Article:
As CIFAC’s President, I saw 2017 as a year of change, progress and success. Turning work around, building our team and holding the line on force account limits were all goals well realized.Dave A Thomas, President, CIFAC

In the spring, CIFAC moved our headquarters to a more centralized location from Martinez to Fairfield. The new office at Martin Plaza is west of Highway 80 at the Waterman/Travis AFB Parkway exit. Midway between the San Francisco Bay Area and Sacramento, the location gives easy access to our industry partners coming from either direction. We invite you to drop in anytime at 2420 Martin Road, Suite 250, Fairfield, CA 94534.

Halfway through the year, our longtime Executive Director Cathryn Hilliard retired after 20 years of service and our new Executive Director and former Regional Compliance Manager Michelle Tucker quickly stepped into the position.

Beginning July 1, Michelle traveled all over the State meeting with our partners and lining up mutual goals and objectives to advance job creation. She also hired two new Regional Compliance Managers, Justin Bochmann to cover her former Central California territory and Tony Morelli for the Southwestern quarter of the State. There were other notable changes in industry leadership at the end of 2017 as we said goodbye and thanks to Tom Holsman at AGC, Jim Reed at CCC and Mando Esparza at SCDCL.

In 2017, SB 1, the Road Repair and Accountability Act of 2017, together with various regional and local bond measures passed and authorized more than $100 billion in funds for public works; there was a clear directive from our Executive Committee and myself to expand CIFAC services at the local level. The White House Council of Economic Advisors says that for every $1 billion spent, 13,000 jobs are generated. We are working closely with our industry partners at the local level to make sure that the work is bid to the private sector.

CIFAC’s Commitment to our members and supporters:

  • Coordinating on mutual goals that support the industry
  • Supporting their events and activities
  • Getting results in record time

In 2018, there will be big improvements to our Facebook and email pages. Look for your photos as our Regional Compliance Managers (RCMs) are now supporting member activities and posting more photos of events on our cifac.org website, Facebook and via email.

CIFAC’s new computer Investigations Tracking Program is in full use as of 2017 and gives RCMs field access to all the records so they immediately have the data they need to turn work around, as speed is essential at the front end of projects to get them out to bid.

Northern and Southern California investigation highlights include CIFAC’s influencing the City of Carson in Southern California to use proper bidding for a $5.1 million storm drain and storm capture management system. Discrepancies on their website made the process highly questionable.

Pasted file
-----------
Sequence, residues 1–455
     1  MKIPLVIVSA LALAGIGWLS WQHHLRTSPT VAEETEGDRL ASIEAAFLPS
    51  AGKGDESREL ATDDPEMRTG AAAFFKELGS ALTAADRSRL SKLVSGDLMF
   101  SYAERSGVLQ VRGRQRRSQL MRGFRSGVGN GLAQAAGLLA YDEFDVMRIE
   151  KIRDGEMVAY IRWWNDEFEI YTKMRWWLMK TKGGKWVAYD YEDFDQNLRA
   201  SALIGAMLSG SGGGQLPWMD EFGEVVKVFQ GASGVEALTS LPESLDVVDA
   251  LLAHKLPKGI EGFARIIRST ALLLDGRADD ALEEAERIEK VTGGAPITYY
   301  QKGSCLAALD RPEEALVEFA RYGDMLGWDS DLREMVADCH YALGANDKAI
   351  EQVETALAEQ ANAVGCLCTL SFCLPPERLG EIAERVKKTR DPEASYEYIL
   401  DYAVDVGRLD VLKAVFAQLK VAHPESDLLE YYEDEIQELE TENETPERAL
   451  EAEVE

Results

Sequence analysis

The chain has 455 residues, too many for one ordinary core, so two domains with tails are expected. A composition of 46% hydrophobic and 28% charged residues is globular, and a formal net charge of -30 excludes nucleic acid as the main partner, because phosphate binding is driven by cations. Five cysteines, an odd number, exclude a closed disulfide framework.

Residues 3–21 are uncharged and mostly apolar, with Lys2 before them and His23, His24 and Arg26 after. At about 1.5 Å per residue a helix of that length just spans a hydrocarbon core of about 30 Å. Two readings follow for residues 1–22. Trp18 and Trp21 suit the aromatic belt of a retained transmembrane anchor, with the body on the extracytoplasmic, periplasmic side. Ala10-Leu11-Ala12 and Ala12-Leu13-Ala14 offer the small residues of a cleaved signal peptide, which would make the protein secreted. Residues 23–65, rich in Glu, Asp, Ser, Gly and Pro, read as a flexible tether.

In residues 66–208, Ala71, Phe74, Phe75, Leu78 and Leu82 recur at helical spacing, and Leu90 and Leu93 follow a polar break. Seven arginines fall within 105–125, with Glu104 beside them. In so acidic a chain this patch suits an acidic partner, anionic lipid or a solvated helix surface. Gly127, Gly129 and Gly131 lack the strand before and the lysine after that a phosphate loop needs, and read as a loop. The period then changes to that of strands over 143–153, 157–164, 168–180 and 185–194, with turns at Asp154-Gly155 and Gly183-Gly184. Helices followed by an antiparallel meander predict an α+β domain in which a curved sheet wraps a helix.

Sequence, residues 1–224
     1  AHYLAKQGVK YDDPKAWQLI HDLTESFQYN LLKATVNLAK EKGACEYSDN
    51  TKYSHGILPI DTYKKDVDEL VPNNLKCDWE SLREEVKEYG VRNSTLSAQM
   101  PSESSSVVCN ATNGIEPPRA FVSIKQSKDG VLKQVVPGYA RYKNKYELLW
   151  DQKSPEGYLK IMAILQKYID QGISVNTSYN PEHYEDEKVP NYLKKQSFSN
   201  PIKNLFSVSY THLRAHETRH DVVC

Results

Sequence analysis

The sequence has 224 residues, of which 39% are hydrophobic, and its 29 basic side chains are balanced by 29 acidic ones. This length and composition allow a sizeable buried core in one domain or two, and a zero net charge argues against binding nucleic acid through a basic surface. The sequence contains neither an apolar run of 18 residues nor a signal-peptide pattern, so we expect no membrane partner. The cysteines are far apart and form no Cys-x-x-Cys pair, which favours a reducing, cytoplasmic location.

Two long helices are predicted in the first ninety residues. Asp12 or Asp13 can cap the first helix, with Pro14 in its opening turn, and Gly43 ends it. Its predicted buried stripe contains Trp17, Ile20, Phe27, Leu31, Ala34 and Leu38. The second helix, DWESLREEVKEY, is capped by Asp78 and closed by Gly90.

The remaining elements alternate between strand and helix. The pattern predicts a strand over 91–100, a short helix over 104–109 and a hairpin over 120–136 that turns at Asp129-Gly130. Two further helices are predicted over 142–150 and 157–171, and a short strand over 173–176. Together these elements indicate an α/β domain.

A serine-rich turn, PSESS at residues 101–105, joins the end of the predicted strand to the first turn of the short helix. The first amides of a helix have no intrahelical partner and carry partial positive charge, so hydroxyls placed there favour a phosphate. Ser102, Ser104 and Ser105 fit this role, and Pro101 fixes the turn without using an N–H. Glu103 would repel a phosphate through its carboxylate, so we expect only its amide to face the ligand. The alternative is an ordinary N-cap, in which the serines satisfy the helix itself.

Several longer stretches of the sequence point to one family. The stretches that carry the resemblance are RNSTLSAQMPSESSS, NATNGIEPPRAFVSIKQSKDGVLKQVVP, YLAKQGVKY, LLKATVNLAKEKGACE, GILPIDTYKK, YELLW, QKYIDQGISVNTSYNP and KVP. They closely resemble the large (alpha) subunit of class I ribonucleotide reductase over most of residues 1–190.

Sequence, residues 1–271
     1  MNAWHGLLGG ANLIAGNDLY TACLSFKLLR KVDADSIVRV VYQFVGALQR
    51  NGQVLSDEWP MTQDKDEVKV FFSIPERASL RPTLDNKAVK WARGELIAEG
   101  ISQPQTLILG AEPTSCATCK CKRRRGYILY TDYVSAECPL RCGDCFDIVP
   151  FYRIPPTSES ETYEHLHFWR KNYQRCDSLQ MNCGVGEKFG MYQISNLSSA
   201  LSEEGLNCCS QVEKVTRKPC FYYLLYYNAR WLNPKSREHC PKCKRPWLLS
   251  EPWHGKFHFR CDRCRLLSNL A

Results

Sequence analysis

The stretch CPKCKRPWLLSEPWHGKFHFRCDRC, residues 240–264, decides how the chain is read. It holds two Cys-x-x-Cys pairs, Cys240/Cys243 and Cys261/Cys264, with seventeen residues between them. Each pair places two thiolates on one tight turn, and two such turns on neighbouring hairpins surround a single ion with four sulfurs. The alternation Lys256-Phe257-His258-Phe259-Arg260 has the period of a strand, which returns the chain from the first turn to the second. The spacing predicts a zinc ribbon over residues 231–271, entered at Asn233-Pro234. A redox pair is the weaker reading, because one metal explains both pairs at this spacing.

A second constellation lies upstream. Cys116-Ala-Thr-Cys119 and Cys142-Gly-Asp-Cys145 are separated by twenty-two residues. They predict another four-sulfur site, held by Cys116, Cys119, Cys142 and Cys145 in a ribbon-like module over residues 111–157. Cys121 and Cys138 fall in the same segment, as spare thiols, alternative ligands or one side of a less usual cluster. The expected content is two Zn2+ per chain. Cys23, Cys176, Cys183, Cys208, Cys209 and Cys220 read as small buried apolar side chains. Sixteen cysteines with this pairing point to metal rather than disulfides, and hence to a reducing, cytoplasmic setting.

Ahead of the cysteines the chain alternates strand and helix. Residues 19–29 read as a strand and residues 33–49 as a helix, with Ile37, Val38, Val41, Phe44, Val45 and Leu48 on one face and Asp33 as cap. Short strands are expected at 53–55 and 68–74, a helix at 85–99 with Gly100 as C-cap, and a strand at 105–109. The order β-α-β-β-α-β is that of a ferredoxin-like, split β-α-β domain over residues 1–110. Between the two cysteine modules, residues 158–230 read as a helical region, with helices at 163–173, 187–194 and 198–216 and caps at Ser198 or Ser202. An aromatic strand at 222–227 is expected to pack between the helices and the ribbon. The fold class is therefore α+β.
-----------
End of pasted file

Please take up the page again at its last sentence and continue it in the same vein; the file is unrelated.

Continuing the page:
In Northern California, CIFAC influenced the City of Colma to bid its $10 million Town Hall Renovation Project. The project was awarded to a Carpenter signatory contractor, using signatory subcontractors.

The City of Stockton was influenced to rebid a $600,000 District-wide plumbing contract after improper procedures were used during the initial bid phase and was awarded to an unlicensed contractor.

For years, the City of Ukiah, the only city in the State to be sanctioned twice by the California Uniform Construction Cost Accounting Commission (CUCCAC), has been skirting the law. This time it was the installation of manhole covers throughout the City that were done so improperly that it earned Ukiah a Cal OSHA violation! Executive Director Tucker has been working for more than two years on the details with CIFAC Board member and Ukiah contractor Lee Howard. Howard and Tucker appeared before the City Council to warn them that this could be a third strike. When a jurisdiction gets a third strike, they lose the elevated $45,000 force account limit and it reverts back to $5,000.

For other examples of CIFAC victories, I refer you to the monthly progress reports. If you are not already on the list for these free monthly updates, please send your email address to snicholson@cifac.org.

Our legislative program is key to CIFAC’s successes. Eddie Bernacchi, our Sacramento legislative advocate, helped us deflect another slough of bills who tried to raise the force account levels of public agencies so they could keep much more work in-house. One of the most interesting in the last session was his work with the Golden Gate Bridge, Highway and Transportation District. SB 622 would have raised the limit for all construction projects from $5,000 to $100,000 (other than vessel repair which already had a $100,000 limit). CIFAC opposed the bill and after discussions among CIFAC members, a GGBHT District Board member, the District General Manager, and CIFAC Executive Director, Bernacchi was able to get that provision removed from the bill.

CIFAC staff joined the support team for SB 1, the Road Repair and Accountability Act of 2017. We participated in support rallies put on by Governor Brown in both Northern and Southern California.

SB 591 was signed into law, which successfully closed the loophole some districts were using to circumvent having to advertise and fairly award Lease-leaseback projects.

I am committed to having a full compliment of staff, “boots on the ground,” to make sure that every opportunity for getting work out to our contractors and union members is first and foremost. I feel confident that we will finally have the resources we need in the next year or two to improve business development opportunities, enhance existing CIFAC programs and launch a more aggressive electronic media program. All of this is about jobs for our members now and in the future.